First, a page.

2019 marks the 550th anniversary of Guru Nanak’s Prakash Purab and to celebrate, the Sikh Research Institute has commissioned artists to create works exploring the legacy of Guru Nanak. As part of this project, I have completed four works:
“Perspectives” – 16″x20″ Acrylic on Plywood
Inspired by two of Guru Nanak’s Shabads, “Jin ke chole rattre piaare, kant tina kai paas” in Raag Tilang, on Ang 721, and “Baras ghanaa meraa man bheenaa” in Raag Malaar on Ang 1254. This piece depicts a set of individuals in a rainstorm and aims to portray their reactions to the rainwater. Most people reject the rain, seek cover, and are wanting. However, there are those few, who accept the rainwater and rejoice in its ability to drench the lover with love. The colours are purposefully minimal in this piece to show how seemingly ordinary things can, in fact, be extraordinary. Also, the faces remain anonymous to prevent judgment on the perspectives presented.
The following three pieces are presented as a triptych. The order of the paintings is not designed to show a necessary progress but a contrast between states of mind in a manner that is relatable. I would argue that each state is of equal importance. The value of each state is interpreted by the viewer and is as dependent on the state of the individual as much as the state of the message in the work.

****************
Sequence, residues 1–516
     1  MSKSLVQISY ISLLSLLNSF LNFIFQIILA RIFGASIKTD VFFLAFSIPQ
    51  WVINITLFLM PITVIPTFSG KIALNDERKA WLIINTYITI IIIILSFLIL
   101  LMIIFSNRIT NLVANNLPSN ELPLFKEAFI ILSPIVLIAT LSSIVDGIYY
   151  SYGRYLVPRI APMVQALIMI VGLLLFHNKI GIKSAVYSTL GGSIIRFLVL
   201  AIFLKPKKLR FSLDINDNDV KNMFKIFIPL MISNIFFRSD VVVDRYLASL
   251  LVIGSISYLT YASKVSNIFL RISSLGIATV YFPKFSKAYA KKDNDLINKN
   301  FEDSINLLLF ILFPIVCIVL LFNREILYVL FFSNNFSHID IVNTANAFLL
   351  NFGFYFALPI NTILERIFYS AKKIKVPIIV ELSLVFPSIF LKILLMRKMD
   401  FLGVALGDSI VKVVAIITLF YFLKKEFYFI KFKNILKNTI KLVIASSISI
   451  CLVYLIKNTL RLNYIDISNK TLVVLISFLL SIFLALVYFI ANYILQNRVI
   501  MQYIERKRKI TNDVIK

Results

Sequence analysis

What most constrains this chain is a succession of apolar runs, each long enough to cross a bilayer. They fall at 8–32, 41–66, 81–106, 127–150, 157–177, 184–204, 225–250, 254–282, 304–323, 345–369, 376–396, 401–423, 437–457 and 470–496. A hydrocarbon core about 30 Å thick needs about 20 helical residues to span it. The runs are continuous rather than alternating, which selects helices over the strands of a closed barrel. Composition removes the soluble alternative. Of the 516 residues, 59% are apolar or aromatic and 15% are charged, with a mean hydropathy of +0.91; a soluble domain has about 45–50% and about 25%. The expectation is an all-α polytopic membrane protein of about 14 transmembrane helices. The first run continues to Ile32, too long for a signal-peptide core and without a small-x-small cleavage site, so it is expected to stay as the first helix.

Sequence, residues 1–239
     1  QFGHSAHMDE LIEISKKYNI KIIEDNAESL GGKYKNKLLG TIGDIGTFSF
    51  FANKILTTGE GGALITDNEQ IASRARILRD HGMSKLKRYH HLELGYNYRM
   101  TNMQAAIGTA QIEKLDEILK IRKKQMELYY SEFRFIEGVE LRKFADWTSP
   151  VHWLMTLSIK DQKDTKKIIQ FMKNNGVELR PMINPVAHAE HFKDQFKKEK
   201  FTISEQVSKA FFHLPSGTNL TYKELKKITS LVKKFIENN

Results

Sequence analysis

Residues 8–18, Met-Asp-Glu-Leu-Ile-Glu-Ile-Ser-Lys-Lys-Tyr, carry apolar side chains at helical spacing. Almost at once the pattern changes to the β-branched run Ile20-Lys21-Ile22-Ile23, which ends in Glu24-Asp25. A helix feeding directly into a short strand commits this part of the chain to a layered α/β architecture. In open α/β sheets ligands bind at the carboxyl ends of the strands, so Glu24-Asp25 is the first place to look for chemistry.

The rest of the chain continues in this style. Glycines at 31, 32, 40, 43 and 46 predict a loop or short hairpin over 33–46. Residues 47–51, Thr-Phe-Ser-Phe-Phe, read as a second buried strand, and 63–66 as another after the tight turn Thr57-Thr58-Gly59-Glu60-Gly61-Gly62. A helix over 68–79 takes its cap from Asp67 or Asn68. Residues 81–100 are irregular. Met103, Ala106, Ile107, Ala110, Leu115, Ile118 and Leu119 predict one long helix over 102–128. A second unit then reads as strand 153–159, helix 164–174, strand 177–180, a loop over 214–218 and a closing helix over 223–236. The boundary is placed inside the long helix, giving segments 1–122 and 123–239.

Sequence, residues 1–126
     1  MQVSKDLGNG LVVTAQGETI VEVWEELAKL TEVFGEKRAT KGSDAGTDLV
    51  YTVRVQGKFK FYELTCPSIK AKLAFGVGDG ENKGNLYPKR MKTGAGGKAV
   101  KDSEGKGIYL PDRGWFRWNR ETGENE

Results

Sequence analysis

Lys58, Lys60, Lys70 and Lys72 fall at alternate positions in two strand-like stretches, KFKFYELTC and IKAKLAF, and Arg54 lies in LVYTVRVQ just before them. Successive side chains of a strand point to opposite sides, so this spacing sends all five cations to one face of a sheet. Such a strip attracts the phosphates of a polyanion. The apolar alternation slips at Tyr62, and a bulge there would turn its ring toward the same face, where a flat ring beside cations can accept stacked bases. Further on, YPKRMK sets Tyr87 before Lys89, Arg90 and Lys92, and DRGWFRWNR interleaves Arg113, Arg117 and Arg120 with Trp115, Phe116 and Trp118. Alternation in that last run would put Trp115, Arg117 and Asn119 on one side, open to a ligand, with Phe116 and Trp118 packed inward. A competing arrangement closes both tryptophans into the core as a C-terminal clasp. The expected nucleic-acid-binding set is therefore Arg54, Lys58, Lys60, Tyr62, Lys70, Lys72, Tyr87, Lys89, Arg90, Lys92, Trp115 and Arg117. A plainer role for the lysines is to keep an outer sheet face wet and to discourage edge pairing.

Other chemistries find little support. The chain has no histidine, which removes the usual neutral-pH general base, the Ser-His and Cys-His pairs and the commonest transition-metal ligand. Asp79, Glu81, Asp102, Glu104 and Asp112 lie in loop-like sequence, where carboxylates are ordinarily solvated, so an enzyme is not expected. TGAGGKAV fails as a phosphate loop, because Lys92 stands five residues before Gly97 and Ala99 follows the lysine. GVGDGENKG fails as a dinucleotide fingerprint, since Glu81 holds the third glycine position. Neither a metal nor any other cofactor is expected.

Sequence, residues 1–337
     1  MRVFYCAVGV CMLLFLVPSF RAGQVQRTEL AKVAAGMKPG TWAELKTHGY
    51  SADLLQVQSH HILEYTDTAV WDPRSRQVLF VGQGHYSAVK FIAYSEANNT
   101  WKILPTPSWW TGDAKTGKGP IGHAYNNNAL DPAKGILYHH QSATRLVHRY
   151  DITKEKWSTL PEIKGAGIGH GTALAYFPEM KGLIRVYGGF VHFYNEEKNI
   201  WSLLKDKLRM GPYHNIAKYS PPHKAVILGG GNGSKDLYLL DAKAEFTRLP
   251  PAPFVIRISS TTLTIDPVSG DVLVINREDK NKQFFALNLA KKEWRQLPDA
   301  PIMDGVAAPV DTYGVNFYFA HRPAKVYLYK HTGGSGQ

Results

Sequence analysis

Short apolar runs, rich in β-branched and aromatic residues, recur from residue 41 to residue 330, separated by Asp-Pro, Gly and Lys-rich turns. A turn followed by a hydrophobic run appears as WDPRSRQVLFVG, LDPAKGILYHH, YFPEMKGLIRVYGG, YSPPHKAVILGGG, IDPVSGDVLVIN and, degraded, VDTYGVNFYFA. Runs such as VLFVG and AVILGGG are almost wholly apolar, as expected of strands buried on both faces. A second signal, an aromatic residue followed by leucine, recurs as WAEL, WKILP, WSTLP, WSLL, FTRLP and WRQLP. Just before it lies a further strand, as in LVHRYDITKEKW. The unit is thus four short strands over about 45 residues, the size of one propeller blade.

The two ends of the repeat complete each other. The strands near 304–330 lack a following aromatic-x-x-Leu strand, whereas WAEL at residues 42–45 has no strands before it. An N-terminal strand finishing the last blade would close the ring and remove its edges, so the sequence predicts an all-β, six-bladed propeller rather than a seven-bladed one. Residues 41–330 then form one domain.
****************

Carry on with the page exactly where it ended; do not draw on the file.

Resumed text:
“The Departed” – 16″x20″ Acrylic on Plywood
Inspired by the shabad by Guru Nanak in Raag Sri Raag on Ang 23, “Sajan Mere Rangule Jai Sute Jeeran”. The painting explores the concept of having grasped a false “palla”. It is a portrayal of a misconception. That which we claim as dear shall pass. Like the kasumbh flower depicted, the colours and composition are designed to be immediately pleasing but upon further examination, their true state is revealed. The kasumbh flowers are crumbling, the deer is leaving to wander, the crane, too, is fleeing, and the hands are left grasping the departed.
“Oblivious” – 16″x20″ Acrylic on Plywood
Inspired by the shabad by Guru Nanak in Raag Suhi on Ang 728, “Ham nahee change buraa nahi koi”. This painting represents the act of searching for something, perhaps in the dark, among a thick and endless forest and being oblivious to the fact that “the something” is in fact containing the entire search. The Divinity we are in search of with such hopelessness is within us and we are all contained within It.
Working Title: “Saajan Stars” – 16″x20″ Acrylic on Plywood
Inspired by the shabad by Guru Nanak in Raag Suhi on Ang 764, “Ham Ghar Saajan Aaye”. This final piece of the triptych shows a state of awareness of Divinity both within and outside of oneself, presented as “friends who have come home” in the form of stars. Stars are suns within themselves, even though they appear as miniscule and trivial among the sky. Similarly, the treasures of having ones friends in your home, or discovering the Divinity residing so close to oneself as to be within, are also unfathomable.